The Kinks reached the climax of their second major success phase with State of Confusion in 1983. This album comes at the heart of the band’s early eighties “renaissance” when they once again embraced the more direct, straight-forward, “garage rock” sound which the group initially forged in the 1960s. Although this album is not quite as solid as its predecessor, 1981’s Give the People What They Want, it did stick with the same general formula and produced what would become The Kinks’ last batch of charting hits. The album was produced by the band’s lead vocalist, guitarist, and primary songwriter Ray Davies, who was perfecting the post-punk rock sound at the time.
Following the success of Give the People What They Want, the band spent the better part of a year touring relentlessly throughout America, England, Australia, and Japan. The climax of this tour was at the US Festival in San Bernardino, California, where the Kinks performed for a crowd of over 200,000.
This was the group’s 19th studio album, a collection which included many works where the band took alternative paths into folk, theatrical, and progressive music. While State of Confusion has a solid rock core, many of those previous styles are reflected in small doses, making for a unique listen. Davies also added just a tad bit more synthesizers and production refinements than on the previous recent albums. Lyrically, the album is filled with mature songs about growing older (Davies was pushing 40 at the time) and many of the issues faced through middle age. Davies, who practically invented and perfected the melodic scream, barely relented musically from his rock core with some minor nods to the music hall influences of his youth.
State of Confusion by The Kinks
|Released: June 10, 1983 (Arista)
Produced by: Ray Davies
Recorded: Konk Studios, London, September 1982 – March 1983
|State of Confusion
Labour of Love
|Don’t Forget to Dance
Heart of Gold
Clichés of the World (B Movie)
|Ray Davies – Lead Vocals, Guitars, Synthesizers, Piano
Dave Davies – Guitars, Vocals
Jim Rodford – Bass
Ian Gibbons – Keyboards
Mick Avory – Drums
Being that the Kinks may very well have been the band that invented punk a decade before its proliferation and the opening title song, “State of Confusion” may be the ultimate post-punk pop song. It begins with choppy, head-banging beat and later contains topical musical melodies (like the spooky sounding synths) and a great bridge with keyboard orchestration and deep harmonies. This first song dually displays Davies production skills as well as his songwriting talent with the lyrics depicting numerous sources of frustrations –
“but back on planet Earth they’ve shattered the illusion, the world’s going around in a state of confusion…”
“Definite Maybe” starts with a deep bass line by Jim Rodford which leads to a unique guitar and piano mix in the strange verse riff which makes this otherwise unfocused song just interesting enough. “Labour of Love” starts with a wailing guitar rendition of “The Wedding March” by Dave Davies. This song’s theme is for marriage what the J. Geils Band’s “Love Stinks” was to love, a scathing indictment.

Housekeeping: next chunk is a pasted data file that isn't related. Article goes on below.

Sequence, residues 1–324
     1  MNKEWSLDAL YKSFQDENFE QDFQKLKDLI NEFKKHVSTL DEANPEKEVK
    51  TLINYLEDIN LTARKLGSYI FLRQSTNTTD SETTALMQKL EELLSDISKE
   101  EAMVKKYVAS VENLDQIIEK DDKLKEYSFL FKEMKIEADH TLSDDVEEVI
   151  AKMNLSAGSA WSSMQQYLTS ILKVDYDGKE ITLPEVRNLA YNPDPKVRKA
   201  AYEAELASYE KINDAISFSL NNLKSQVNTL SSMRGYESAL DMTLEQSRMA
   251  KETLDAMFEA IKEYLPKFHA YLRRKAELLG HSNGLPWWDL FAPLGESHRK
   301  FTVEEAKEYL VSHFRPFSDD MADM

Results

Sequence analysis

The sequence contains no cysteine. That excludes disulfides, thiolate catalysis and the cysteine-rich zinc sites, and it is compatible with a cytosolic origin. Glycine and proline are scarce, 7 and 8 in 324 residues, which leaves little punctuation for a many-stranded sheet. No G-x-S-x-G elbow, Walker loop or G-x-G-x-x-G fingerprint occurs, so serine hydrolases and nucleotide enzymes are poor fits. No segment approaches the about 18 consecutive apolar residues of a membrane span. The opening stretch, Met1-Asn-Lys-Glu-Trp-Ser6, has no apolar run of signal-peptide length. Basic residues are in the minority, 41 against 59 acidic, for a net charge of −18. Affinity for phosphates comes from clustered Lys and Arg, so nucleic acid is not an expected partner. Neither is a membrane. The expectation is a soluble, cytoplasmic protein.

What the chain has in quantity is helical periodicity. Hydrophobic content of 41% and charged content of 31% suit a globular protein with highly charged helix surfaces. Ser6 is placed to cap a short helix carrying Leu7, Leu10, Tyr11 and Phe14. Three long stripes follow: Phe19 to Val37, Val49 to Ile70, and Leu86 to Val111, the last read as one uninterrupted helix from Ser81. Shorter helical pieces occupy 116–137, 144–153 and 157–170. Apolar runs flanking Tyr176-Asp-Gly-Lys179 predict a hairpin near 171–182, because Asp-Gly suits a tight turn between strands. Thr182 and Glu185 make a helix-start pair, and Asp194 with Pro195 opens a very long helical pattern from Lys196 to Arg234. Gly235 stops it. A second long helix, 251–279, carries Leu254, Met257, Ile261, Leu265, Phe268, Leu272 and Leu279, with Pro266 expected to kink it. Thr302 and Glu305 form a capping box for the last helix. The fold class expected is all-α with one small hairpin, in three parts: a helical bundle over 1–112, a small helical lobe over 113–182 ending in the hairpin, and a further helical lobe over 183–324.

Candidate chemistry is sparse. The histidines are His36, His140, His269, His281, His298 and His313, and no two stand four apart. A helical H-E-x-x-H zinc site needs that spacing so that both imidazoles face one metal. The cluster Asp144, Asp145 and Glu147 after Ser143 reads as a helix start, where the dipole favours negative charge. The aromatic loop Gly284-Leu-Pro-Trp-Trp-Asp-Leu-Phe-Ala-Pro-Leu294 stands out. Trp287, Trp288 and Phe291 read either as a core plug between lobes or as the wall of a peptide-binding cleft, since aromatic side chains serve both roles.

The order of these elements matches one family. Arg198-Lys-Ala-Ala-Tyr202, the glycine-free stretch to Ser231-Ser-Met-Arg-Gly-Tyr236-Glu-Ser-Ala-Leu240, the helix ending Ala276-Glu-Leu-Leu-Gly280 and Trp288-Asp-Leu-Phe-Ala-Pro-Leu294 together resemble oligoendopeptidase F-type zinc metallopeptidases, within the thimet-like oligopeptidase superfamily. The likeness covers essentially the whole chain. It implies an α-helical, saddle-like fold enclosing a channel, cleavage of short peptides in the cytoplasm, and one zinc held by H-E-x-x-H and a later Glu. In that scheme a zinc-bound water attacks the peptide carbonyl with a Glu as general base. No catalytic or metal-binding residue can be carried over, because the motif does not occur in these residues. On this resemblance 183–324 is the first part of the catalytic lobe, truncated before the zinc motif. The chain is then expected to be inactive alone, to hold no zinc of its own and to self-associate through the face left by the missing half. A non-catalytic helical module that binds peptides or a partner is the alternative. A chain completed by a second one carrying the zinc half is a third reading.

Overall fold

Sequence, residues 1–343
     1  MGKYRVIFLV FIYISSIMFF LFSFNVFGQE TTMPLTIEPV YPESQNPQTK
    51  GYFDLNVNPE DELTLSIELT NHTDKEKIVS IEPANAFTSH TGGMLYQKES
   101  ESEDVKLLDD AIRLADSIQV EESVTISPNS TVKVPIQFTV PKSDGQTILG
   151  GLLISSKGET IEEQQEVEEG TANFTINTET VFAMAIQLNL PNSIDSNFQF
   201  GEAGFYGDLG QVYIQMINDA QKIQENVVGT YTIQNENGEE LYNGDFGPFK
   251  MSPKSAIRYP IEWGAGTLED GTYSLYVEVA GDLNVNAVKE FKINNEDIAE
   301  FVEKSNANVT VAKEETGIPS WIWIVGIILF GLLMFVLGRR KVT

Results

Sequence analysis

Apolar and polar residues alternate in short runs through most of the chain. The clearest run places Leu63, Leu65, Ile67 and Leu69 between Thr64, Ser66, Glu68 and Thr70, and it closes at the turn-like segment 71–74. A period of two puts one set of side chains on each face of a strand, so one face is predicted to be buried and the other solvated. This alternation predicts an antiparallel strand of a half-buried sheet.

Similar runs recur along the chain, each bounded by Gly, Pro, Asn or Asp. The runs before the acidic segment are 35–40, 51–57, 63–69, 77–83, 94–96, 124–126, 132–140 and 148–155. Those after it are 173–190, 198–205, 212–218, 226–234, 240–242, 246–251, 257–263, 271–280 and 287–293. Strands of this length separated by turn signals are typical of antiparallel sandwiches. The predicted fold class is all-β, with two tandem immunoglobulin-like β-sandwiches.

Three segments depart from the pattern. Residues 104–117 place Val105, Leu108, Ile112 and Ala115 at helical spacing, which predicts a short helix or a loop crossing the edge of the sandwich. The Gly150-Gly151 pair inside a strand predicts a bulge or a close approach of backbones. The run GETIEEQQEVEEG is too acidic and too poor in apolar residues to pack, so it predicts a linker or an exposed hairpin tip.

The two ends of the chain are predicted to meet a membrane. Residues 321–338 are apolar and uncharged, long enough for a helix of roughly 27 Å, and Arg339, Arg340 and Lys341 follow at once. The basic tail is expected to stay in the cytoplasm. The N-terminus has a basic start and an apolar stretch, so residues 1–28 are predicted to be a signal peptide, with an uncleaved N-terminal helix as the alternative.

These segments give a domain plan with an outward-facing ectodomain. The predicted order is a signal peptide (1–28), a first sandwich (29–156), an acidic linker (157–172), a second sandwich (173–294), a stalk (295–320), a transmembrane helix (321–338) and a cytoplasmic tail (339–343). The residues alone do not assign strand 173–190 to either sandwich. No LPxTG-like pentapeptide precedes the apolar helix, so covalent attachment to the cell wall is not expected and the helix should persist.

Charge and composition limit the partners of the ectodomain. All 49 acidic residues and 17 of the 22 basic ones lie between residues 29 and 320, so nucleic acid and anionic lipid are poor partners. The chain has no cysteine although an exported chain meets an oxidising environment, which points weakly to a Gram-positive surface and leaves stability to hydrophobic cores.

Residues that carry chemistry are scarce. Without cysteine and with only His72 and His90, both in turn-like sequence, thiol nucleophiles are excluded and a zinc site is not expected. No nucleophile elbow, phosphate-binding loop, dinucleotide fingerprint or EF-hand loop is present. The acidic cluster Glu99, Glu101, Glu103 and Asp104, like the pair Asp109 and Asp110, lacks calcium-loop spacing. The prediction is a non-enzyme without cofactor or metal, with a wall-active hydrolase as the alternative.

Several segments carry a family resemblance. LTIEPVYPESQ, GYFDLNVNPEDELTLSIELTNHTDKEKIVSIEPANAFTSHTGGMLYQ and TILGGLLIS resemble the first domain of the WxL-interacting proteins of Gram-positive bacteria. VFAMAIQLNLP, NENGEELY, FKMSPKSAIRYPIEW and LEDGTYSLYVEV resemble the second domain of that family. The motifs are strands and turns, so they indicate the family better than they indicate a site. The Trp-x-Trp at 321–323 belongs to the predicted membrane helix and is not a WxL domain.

The album’s biggest hit is “Come Dancing”, which reached the Top 20 in several countries and peaked at #6 in the US, tying it with “Tired of Waiting for You” from 1965 as the band’s highest charting hit. Acoustic built but dominated by a signature organ riff from Ian Gibbons, the composition is a mixture of waltz and early rock and makes for a potent combo. The story-telling lyrics, which sound innocent and happy-go-lucky on the surface, have a much deeper meaning because Davies’ older sister died of heart attack while dancing at a ballroom on Ray Davies’ thirteenth birthday (June 21, 1957) after she surprised him with a gift of a Spanish guitar.
“Property” is driven by the big drum beat of Mick Avory, who along with the Davies brothers is the last remaining founding member of the Kinks. Lyrically, the song is about the somber duty of splitting possessions after a relationship ends. The second side begins with “Don’t Forget to Dance”, an almost a more somber counterpart to “Come Dancing”. This melancholy and moderate pop ballad with slick 1980s production techniques contains interesting changes in key and great guitar technique by Dave Davies during the verses. The song was the band’s final single to make the Top 40 in the US, peaking at #29.
“Young Conservatives” is a brilliant bit of satire with a great vibe, a punk song for the early 1980s. In an ironic twist, the new rebels are the counter-counter-culture in this edgy song with its great compositional structure and excellent bridges. The song references the 1967 song “David Watts” from the album Something Else By the Kinks. “Heart of Gold” is an upbeat acoustic folk song with great chord progressions and twangy lead guitars. Although it is a bit weak lyrically, the music more than makes up for it. The album drifts more towards eighties-type rock in structure and sonic quality for the final two tracks. “Clichés of the World (B Movie)” harkens back to the bands’ mid-1970s theatrical work, while “Bernadette” is a pure rocker, which finishes the album on an upbeat note.
Following the commercial success of State of Confusion, the band’s fortunes began to unravel. Ray Davies started work on a film project which caused tension between the other founding members. Mick Avory left the group halfway through recording the next album, Word of Mouth, released in late 1984. While the Kinks continued to release studio album into the early 1990s, the never again recaptured the popular momentum.
Part of Classic Rock Review’s celebration of 1983 albums.